Are cold baths ‘too risky’ for use as muscle pain therapy?

It takes a brave person to jump into a freezing cold bath for five to 24 minutes after a training session, but there is method to the madness. Athletes do it to speed up the healing of tissue damage, reduce swelling and ease muscle pain. The question is: is it actually safe?

Researchers at the UK Cochrane Centre have conducted 17 small studies involving a total of 366 people, and have come to the conclusion that there are safer, more effective ways of easing muscle pain than taking cold baths.

A relaxing dip in a warm bath, or a spot of light jogging could do the job just as well, they advised. This is bad news for athletes who have been bravely submerging themselves in icy water all this time. The Welsh rugby team is famous for undergoing a similar treatment known as cryotherapy in Poland several times a year to boost fitness levels; but what if a nice warm soak in the Jacuzzi could have done the same job as 15 minutes in temperatures as low as -110c?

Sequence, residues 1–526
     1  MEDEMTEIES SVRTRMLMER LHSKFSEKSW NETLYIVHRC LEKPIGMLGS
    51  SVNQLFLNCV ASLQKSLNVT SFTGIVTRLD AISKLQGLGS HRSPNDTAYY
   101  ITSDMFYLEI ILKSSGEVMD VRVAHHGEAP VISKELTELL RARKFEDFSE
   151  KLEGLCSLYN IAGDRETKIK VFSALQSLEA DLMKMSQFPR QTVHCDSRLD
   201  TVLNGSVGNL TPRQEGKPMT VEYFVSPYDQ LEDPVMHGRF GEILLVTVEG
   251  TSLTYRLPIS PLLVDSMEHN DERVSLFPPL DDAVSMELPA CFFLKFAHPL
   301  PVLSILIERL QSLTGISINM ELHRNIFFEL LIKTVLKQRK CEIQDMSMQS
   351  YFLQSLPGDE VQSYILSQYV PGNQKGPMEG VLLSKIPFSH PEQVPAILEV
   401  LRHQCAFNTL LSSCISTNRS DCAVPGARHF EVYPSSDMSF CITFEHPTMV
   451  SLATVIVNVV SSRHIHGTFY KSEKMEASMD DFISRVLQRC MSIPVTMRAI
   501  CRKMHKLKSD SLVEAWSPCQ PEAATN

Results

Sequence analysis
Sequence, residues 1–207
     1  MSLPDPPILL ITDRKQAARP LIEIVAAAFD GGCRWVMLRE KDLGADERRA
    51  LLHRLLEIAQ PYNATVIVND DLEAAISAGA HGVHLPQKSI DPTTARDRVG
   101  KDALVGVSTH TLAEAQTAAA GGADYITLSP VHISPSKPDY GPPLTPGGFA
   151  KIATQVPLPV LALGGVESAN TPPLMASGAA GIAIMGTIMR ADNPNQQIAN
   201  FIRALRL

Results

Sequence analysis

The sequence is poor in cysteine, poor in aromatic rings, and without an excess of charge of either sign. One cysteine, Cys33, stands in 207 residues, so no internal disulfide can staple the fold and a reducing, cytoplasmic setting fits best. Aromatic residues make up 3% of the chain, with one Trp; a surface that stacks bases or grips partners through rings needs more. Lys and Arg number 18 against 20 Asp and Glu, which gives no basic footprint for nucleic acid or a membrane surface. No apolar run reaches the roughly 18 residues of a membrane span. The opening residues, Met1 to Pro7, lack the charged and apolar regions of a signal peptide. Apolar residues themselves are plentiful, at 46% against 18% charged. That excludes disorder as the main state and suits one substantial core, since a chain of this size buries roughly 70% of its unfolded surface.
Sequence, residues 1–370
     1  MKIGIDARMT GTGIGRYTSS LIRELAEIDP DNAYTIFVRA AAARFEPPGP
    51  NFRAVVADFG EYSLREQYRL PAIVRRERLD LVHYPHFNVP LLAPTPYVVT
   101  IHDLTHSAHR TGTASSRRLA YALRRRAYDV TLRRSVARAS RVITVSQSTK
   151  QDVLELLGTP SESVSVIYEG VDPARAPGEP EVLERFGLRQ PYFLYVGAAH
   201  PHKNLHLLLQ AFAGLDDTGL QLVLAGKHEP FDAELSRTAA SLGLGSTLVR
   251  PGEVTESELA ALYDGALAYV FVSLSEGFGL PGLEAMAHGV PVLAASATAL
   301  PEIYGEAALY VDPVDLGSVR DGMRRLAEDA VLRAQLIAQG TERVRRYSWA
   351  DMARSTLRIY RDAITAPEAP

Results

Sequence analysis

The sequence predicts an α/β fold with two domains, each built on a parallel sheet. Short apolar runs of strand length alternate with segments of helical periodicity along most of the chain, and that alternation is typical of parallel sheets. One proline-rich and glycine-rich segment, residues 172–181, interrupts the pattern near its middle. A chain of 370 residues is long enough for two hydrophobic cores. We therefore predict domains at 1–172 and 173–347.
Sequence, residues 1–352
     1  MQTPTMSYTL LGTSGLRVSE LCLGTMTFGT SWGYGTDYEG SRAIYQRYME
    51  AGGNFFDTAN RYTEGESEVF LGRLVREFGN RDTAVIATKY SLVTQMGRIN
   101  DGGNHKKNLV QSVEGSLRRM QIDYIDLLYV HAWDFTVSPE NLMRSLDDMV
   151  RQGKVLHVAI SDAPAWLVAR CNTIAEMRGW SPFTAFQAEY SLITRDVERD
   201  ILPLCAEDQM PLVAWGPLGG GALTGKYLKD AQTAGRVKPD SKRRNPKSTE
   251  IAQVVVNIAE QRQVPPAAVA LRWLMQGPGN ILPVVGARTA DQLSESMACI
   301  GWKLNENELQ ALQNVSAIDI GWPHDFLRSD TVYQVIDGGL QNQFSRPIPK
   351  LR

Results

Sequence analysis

Lead researcher Dr Chris Bleakley said: “We found some evidence that immersing yourself in cold water after exercise can reduce muscle soreness, but only compared to resting or doing nothing.”

Submerging the body in cold water induces a certain amount of shock on the body. For people with undiagnosed heart defects or circulation problems, this could be fatal.

The temperature is not the only problem- some rugby clubs have a wheelie bin full of cold water that players will jump into one after the other – regardless of open and bleeding wounds.

There are many kinds of therapy available for sports injuries. To find out more, visit our Therapy Topics section.

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Written by Zoe Thomas

Written by Zoe Thomas

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